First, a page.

FROM Sophie Pedder
The candidate of 'savage globalism' beats the 'high priestess of fear' After a campaign of creative name-calling, Emmanuel Macron was elected President of France yesterday with 65% of the vote to Marine Le Pen's 35%. But right-wing populism is hardly on the run. Macron's new party holds no seats in Parliament, and Le Pen's National Front did better than ever before. French voters made clear their outrage -- about the economy, immigration and a swelling number of refugees. We look at the consequences for France and the EU, with populist nationalism on the rise in Hungry, Poland and elsewhere in Europe.
Je Suis Charlie Hebdo: I Am Charlie Hebdo As the manhunt for suspected killers continues, France is assessing the consequences of yesterday’s slaughter of satirical writers and cartoonists. The magazine Charlie Hebdo was already under police protection, but the sudden attack has shocked France and the rest of the Western world. Politicians and church leaders have called for national unity, but French Muslims are reporting attacks on mosques in several parts of the country.
France's Burqa Ban Begins Today The French law that went into effect today does not use the words "women," "Muslim" or "veil," but says that it's illegal to hide the face in a public place. It was pushed hard by President Nicolas Sarkozy, even though only a small minority of the country's five million Muslim women actually wear the burqa. When Parliament passed it, there was widespread public support. Today, there was a protest outside the Notre Dame cathedral. Sophie Pedder is Paris Bureau Chief for the Economist magazine.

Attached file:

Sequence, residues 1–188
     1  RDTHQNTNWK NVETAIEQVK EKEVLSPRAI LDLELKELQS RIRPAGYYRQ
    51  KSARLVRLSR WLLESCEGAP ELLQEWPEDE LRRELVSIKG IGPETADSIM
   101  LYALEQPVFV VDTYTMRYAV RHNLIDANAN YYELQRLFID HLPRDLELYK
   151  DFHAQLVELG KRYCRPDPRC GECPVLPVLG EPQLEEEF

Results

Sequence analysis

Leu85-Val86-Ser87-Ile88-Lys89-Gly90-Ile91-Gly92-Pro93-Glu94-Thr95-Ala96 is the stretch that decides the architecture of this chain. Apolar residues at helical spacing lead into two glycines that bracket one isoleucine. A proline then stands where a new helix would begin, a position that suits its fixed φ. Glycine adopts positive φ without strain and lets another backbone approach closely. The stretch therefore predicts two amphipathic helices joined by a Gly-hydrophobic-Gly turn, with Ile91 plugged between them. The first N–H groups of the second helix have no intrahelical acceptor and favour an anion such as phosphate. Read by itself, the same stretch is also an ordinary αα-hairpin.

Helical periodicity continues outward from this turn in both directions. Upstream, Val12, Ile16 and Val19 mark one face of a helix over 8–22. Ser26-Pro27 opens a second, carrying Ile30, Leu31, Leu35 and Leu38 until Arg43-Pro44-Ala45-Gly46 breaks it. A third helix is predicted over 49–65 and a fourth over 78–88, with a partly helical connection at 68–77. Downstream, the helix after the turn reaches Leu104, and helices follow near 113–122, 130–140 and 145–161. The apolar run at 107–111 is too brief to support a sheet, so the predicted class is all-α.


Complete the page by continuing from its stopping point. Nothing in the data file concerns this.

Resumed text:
Who's to blame for the opioid crisis? Some of the lawyers who took on Big Tobacco are now going after Big Pharma. It’s all about the deadly epidemic of opioid use. Are the drug companies to blame? What about the users? Later, on today’s Talking Point: making sense of Britain’s upset election.
Will the Senate write a healthcare bill in secret? While Democrats and Republicans argue White House relations with Russia, another question is being decided behind closed doors: who gets help buying health insurance and who doesn't? We hear how the pros and cons are being shrouded in secrecy.
Ex-FBI Director Comey tells his side of the story Today, former FBI Director James Comey came close to calling the President who fired him a liar. The White House denied the claim and called it insulting, but Republican Senators did not challenge Comey’s truthfulness. Many questions remain: did the President try to obstruct a federal investigation? Later, we’ll go behind the “velvet rope” for a look at 5-Star health care for the richest Americans.
The longest US war: Will Trump send more troops to Afghanistan? The Trump White House is divided over the Pentagon's request for more troops in Afghanistan—where the US has been fighting for the past 16 years. Is there a formula -- either for "victory" or a political settlement? Is there an end in sight for America's longest war?